The church said in the suit it “has a sincerely held religious belief that the physical, corporate gathering of its entire congregation each Sunday is a central element of religious worship commanded by the Lord.” Therefore, the church’s leaders chose long ago not to hold multiple services, and senior pastor Mark Dever decided not to live stream sermons during the pandemic because such a video “is not a substitute for a covenanted congregation assembling together,” according to the suit.
In his opinion, McFadden said D.C. “misses the point” when it proposes CHBC “hold multiple services, host a drive-in service, or broadcast the service online or over the radio,” which other churches in the district have done.
“The District may think that its proposed alternatives are sensible substitutes,” McFadden wrote. “And for many churches they may be. It is for the Church, not the District or this Court, to define for itself the meaning of ‘not forsaking the assembling of ourselves together,’” which is taken from Hebrews 10:25.
D.C. did not meet the requirements for hindering religious freedom under RFRA, McFadden wrote. The 1993 federal law requires the government to have a compelling interest and use the narrowest possible means in burdening religious exercise. McFadden said the D.C. government’s support for mass protests in June 2020 attended by thousands or tens of thousands of people “undermines its contention that it has a compelling interest in capping the number of attendees at the Church’s outdoor services.”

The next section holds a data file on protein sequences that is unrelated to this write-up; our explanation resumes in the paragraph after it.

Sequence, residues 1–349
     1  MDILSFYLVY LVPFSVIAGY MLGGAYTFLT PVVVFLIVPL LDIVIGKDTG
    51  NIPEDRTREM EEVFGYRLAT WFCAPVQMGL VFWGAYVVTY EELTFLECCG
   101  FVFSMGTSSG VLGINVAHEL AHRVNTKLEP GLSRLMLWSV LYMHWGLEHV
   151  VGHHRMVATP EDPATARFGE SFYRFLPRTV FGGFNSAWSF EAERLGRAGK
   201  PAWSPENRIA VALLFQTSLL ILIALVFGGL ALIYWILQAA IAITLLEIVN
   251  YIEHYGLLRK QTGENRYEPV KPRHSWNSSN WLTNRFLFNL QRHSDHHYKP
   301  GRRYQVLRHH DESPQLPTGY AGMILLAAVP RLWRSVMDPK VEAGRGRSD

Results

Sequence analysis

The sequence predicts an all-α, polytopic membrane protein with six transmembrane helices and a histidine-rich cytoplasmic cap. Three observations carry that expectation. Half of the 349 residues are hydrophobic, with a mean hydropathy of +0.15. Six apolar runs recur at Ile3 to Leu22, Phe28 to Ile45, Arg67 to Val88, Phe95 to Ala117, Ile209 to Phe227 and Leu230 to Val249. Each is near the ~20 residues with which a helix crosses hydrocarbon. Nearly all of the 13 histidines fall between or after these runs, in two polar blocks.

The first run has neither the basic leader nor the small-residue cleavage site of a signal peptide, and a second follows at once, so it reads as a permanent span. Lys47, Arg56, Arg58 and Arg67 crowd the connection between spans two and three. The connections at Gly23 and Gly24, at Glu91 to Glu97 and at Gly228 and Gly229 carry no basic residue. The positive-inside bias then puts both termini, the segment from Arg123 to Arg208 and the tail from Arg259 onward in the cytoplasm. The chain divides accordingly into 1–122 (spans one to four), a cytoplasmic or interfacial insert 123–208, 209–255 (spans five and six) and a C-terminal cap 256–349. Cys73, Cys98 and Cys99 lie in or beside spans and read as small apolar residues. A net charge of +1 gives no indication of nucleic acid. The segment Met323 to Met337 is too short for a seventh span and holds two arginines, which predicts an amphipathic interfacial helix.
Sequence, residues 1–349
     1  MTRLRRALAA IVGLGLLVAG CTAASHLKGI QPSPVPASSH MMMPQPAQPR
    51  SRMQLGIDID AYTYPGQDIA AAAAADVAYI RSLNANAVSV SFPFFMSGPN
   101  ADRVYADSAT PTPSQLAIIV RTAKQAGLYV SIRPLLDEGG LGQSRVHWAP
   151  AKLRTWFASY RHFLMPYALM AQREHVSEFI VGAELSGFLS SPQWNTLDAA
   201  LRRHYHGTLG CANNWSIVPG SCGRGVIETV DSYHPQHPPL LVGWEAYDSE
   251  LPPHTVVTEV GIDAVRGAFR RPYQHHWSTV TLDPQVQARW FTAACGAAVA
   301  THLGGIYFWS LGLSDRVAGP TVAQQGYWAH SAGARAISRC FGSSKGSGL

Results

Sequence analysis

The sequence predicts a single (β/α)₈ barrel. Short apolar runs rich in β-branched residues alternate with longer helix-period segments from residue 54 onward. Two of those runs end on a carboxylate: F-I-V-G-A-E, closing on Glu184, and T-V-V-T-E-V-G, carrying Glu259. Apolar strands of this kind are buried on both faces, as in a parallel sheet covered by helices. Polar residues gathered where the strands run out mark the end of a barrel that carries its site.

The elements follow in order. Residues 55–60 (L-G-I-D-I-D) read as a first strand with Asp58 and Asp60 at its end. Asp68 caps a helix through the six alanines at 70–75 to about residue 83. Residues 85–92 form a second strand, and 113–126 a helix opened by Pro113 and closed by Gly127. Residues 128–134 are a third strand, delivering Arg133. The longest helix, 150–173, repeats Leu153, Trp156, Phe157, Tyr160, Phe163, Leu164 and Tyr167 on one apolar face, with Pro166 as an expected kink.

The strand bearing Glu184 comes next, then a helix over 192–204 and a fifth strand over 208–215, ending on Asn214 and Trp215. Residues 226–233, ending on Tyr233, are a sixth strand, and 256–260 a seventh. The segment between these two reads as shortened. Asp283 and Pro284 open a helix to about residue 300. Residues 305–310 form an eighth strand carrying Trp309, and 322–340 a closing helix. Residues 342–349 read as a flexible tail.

From mid-June until the court decision enabled it to meet outdoors in the district, CHBC held corporate worship outdoors on Sunday afternoons at the property of a Southern Baptist church in Alexandria, Va., where requirements were less restrictive. The church desired, however, to meet outdoors in D.C., where more than 60 percent of its 850 members lived.
After the court ruling, CHBC gathered outside in November and December in D.C. before meeting in January and February on Sunday evenings in a church auditorium in Maryland. The church began meeting outdoors again in March before returning to its own auditorium after receiving a waiver from the D.C. government in late April.
Bowser lifted the attendance limitations on houses of worship and most other locations May 21.
The church has become known throughout much of the Southern Baptist Convention since Dever became pastor in 1994. He later founded the 9Marks Ministry, which seeks to foster healthy churches. The ministry holds its “9Marks at 9” events on successive nights each year during the SBC’s annual meeting.
Southern Baptist leaders commended guidelines issued in May 2020 by the federal Centers for Disease Control and Prevention for restoring in-person worship gatherings. The guidance reminded state and local officials to take the First Amendment right of religious liberty into account when they institute reopening policies. No church or other religious group should be called on to enact “mitigation strategies” stricter than those requested of “similarly situated entities or activities,” according to the CDC.